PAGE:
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Predicting case outcomes? Lawyers are pretty dismal at it!

Monday, May 31, 2010
posted by Douglas Keene

A recent paper published in Psychology, Public Policy and Law investigates just how accurately U.S. lawyers predict case outcome. The news isn’t good. Attorneys are over-confident in their predictions across the board.

This does make sense since you need to believe in your case in order to advocate effectively. Yet, having a better sense of potential outcome would be of obvious benefit in case selection. The outcomes from this study are varied:

  • Lawyers were extremely over-confident. This was true for defense attorneys as well as prosecutors and attorneys on both sides in civil cases.
    • Oddly, years of experience did not improve the likelihood of accurate prediction—although there is some historical evidence that having a niche specialty area does improve predictive accuracy to some degree.
  • Lawyers representing defendants in criminal cases involving victimless crimes or crimes against property were more accurate in their predictions of case outcome.
    • The authors hypothesize that in these cases (with less ambiguous fact patterns) the attorneys are relying more on objective rather than subjective factors in making predictions.
  • Gender makes a difference. Male attorneys were more over-confident than female attorneys. Thus female attorneys had better outcome predictions.

The authors suggest implications for lawyer-client relations, case management strategies, court efficiency, and lawyer training and education. However, none of the experimental manipulations were successful in improving the accuracy of case outcome predictions.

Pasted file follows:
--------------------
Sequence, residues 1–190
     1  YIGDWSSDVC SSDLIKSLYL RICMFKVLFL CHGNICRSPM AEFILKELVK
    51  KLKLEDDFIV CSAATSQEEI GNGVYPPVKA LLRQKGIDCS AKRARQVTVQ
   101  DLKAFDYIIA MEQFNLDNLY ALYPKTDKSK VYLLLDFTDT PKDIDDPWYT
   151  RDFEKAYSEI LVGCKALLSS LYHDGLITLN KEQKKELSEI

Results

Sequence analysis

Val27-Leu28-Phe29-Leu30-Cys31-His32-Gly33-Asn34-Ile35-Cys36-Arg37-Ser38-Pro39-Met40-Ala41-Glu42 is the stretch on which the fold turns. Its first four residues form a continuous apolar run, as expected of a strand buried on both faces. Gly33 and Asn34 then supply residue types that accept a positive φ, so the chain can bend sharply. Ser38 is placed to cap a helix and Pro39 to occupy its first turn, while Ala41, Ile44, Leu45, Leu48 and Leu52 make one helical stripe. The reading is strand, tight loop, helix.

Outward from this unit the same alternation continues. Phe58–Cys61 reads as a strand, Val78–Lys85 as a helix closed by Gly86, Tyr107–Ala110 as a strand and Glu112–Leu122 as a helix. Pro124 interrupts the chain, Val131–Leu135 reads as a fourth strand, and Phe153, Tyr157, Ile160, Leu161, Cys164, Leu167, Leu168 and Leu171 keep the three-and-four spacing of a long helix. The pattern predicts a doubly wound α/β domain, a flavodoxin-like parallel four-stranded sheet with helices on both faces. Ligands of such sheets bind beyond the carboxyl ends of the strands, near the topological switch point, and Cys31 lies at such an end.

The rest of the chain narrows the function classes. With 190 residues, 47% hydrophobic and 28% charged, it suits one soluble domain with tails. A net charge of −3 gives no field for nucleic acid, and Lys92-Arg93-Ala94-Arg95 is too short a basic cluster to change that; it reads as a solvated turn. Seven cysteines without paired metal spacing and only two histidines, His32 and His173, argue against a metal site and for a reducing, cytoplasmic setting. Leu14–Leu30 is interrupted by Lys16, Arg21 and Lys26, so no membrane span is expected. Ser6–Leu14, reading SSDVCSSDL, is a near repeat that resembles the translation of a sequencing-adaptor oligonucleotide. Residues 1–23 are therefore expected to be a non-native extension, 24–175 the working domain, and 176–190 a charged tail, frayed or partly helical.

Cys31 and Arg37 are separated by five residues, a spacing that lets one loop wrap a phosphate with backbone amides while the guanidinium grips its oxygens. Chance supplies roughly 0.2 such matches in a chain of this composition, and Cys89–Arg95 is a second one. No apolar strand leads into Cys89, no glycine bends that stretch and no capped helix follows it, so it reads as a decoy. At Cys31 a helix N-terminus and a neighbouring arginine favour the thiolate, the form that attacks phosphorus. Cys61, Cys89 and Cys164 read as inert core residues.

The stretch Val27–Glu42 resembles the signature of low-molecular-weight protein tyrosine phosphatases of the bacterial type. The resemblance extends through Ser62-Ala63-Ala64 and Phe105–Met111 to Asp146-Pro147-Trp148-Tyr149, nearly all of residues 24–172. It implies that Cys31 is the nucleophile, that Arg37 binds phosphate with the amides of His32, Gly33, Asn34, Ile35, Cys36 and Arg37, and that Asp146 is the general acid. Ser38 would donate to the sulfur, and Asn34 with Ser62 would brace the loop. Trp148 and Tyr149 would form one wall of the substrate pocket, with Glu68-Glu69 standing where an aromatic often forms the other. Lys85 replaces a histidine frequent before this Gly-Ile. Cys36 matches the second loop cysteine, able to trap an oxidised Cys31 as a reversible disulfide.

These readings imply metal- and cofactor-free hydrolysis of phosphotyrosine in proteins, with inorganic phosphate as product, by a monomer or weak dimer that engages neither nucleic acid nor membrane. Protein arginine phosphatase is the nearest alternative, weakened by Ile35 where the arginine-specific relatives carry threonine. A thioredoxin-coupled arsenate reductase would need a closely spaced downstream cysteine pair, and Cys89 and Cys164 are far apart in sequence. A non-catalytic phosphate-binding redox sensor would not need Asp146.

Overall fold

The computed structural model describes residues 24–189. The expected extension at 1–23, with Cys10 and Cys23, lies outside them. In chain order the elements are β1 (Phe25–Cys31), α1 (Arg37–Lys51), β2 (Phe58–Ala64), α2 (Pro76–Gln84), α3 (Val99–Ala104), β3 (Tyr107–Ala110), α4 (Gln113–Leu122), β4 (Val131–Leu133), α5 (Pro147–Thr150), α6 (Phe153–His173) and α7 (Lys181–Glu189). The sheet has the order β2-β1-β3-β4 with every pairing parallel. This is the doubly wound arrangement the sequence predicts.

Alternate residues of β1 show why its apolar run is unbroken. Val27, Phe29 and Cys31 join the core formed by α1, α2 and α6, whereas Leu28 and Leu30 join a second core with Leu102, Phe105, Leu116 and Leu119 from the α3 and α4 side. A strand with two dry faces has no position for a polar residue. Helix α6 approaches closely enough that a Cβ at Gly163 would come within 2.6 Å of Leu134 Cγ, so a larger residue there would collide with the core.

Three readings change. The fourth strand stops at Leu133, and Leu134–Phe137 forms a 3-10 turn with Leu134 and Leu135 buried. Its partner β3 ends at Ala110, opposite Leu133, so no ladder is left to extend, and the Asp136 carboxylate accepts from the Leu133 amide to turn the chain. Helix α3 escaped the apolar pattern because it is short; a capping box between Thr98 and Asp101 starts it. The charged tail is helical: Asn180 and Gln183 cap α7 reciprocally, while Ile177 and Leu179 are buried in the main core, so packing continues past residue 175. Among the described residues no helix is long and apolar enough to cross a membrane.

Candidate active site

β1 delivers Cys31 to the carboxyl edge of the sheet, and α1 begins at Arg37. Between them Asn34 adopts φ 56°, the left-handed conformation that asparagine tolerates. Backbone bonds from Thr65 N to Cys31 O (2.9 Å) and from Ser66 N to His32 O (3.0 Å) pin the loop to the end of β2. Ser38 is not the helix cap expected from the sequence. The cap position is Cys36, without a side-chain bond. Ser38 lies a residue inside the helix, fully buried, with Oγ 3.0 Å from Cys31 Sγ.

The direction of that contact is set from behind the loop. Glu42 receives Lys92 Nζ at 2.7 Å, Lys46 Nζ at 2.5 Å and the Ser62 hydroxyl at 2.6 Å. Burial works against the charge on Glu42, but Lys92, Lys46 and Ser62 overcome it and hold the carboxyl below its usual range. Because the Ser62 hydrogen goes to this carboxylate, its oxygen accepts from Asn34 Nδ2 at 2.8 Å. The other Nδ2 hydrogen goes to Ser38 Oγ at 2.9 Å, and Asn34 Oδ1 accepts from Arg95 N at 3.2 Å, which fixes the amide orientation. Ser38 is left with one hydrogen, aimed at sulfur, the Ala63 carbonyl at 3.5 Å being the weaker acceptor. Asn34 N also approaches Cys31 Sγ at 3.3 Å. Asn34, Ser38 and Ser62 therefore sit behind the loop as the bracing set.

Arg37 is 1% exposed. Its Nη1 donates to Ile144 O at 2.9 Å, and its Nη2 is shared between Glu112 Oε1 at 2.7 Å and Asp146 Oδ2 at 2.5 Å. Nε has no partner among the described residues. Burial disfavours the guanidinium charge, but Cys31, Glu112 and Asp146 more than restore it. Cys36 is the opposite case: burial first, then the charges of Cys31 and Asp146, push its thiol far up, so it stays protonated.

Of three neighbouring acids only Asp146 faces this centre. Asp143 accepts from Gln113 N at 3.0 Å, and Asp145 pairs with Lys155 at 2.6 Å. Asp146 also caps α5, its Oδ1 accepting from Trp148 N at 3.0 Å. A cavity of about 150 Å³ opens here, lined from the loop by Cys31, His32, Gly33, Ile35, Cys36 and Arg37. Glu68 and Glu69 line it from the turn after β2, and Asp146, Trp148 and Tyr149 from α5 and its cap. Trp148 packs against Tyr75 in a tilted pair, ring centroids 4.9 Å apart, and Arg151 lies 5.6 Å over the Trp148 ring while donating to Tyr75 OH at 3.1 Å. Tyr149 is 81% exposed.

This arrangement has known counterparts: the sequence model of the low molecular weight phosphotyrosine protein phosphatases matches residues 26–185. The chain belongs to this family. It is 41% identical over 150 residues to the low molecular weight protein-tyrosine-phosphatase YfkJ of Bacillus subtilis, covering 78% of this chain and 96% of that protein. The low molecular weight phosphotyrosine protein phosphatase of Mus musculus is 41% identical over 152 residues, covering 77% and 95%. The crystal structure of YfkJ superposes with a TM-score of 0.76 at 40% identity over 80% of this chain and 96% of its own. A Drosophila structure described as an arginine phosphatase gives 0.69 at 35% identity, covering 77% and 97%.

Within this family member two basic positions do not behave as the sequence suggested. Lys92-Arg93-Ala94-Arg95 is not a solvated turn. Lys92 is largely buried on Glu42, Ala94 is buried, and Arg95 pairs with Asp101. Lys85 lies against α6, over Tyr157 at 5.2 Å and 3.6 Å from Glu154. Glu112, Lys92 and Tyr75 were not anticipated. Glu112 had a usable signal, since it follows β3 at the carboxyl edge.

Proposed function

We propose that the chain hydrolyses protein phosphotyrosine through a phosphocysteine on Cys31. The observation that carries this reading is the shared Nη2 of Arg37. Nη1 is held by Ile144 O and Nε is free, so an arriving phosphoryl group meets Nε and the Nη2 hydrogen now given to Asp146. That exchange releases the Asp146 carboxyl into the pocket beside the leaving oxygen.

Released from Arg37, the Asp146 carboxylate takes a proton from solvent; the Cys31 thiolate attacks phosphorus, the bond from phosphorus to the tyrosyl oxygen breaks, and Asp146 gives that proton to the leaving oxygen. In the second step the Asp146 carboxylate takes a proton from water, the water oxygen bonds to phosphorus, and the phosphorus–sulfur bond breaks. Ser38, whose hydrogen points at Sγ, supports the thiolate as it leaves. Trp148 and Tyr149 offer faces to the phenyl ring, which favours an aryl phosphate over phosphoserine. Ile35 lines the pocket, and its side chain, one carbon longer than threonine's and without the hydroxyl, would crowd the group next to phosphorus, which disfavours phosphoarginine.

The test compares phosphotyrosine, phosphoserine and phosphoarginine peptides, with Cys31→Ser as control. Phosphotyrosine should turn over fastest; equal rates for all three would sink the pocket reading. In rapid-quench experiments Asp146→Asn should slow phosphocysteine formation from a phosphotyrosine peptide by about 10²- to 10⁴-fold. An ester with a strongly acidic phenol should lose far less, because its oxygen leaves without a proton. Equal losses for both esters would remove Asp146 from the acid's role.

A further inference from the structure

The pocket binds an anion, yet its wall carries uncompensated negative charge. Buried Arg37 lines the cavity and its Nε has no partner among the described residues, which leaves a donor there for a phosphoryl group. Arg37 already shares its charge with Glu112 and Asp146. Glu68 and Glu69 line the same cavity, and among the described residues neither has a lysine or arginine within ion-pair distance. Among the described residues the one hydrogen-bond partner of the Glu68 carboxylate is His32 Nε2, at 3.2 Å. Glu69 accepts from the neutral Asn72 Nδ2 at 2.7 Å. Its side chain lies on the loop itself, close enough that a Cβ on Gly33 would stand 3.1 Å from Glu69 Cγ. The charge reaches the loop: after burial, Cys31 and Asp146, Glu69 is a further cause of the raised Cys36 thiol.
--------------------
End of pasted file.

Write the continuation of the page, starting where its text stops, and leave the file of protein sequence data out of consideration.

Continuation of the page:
There are several take-aways from this research—although we look at different things than the authors do!

  • As you consider whether to take on a case, look at the objective facts. Do not be blinded by the sex appeal of a case, how much publicity it will bring you, or how good you will look in that brown shirt and tie (the one that brings out your eyes) on television. What are the facts—good and bad? The more you want to take on a case, the more you need to stop and consider the objective data.
  • If you are male, have a female colleague. Consult. Consider her cautionary input. Go over the objective data with her. Remind yourself (when you want to argue) that she is likely to be more accurate than you in prediction and try to see her point of view.
  • Consider the idea of pre-trial research.  Well-conducted concept or ‘discovery’ focus groups offer a more objective opportunity to see how the facts affect decision-making, instead of attorney persuasiveness and argument.  If not pre-trial research then consider the idea of talking to an experienced trial consultant for an hour or two. Get their perspective. It’s different than yours. (Remember the Bay of Pigs…).
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